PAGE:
The family of Curtis Mayfield will collaborate with another R&B veteran, Lionel Richie, for the first official biopic on the singer’s life.

Deadline reported Tuesday (October 10) that Richie acquired the rights for a feature film from Mayfield’s estate. The ex-Commodores leader will produce the still-untitled film through his RichLion Productions company. Richie told Deadline that the estate and Mayfield’s living family will be involved in the movie.

“It’s an honor for me to bring the life of one of my idols and friends to the screen,” Richie said. “I’m so grateful to be working closely with [the late singer’s wife] Altheida Mayfield, [his son] Cheaa Mayfield and the Curtis Mayfield Estate, and couldn’t be happier to be moving forward on this amazing project about a one-of-a-kind music genius.”

“It’s time to celebrate and re-evaluate Curtis’ legacy,” Altheida Mayfield added. “For years, too many others have tried to claim what he alone did. He was a genius, always stood on his own.”

Altheida Mayfield did not specify who she believes took credit for her husband’s work, but the family spent nearly a decade stuck in an estate lawsuit with Marvin Heiman, the singer’s former manager. The family accused Heiman of taking money from their trust, which he co-administered with Altheida. A Georgia appeals court dismissed the lawsuit in 2009, by which point Heiman had already resigned from the estate board. Altheida Mayfield now operates the estate and commissioned a number of retrospective projects—including, according to Billboard, a revamped website and volumes of unreleased material—over the past five years.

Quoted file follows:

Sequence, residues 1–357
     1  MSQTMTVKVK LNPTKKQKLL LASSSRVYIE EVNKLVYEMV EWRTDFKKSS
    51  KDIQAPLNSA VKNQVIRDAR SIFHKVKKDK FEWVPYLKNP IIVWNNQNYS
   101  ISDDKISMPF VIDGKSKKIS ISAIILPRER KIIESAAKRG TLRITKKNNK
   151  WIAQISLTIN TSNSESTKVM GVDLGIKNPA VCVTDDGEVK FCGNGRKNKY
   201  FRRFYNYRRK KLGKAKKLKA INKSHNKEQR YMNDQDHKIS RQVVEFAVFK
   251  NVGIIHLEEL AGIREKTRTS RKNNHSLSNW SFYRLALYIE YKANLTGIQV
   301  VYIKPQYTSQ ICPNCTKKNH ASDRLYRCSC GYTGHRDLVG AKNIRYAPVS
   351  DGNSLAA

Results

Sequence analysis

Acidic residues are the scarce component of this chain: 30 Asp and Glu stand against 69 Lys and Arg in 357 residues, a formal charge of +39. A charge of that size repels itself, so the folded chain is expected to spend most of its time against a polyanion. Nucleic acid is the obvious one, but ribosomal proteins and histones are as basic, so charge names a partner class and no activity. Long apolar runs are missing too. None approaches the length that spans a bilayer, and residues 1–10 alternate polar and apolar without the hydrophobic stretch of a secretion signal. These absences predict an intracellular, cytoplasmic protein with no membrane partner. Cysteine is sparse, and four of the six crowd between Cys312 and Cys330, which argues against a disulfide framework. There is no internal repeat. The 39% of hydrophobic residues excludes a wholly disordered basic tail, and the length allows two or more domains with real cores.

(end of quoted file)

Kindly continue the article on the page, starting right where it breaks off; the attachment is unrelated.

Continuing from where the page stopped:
Per his biography, Curtis Mayfield rose to fame as the frontman of The Impressions, a Chicago-based R&B and soul group. The trio achieved worldwide acclaim during the 1960s for songs like “People Get Ready” and “Choice of Colors,” which directly addressed concerns about racial inequity. Mayfield launched a prolific solo career after leaving The Impressions in 1970. Perhaps his most famous album is the 1972 soundtrack to the Blaxploitation film, “Super Fly.” That record, featuring hits like “Pusherman” and “Freddie’s Dead,” is one of few soundtracks in history that outsold their partner films. A lighting rig fell on Mayfield at a concert in 1990, leaving him paralyzed from the neck down. He died in 1999 from complications of type 2 diabetes, which he developed after the accident.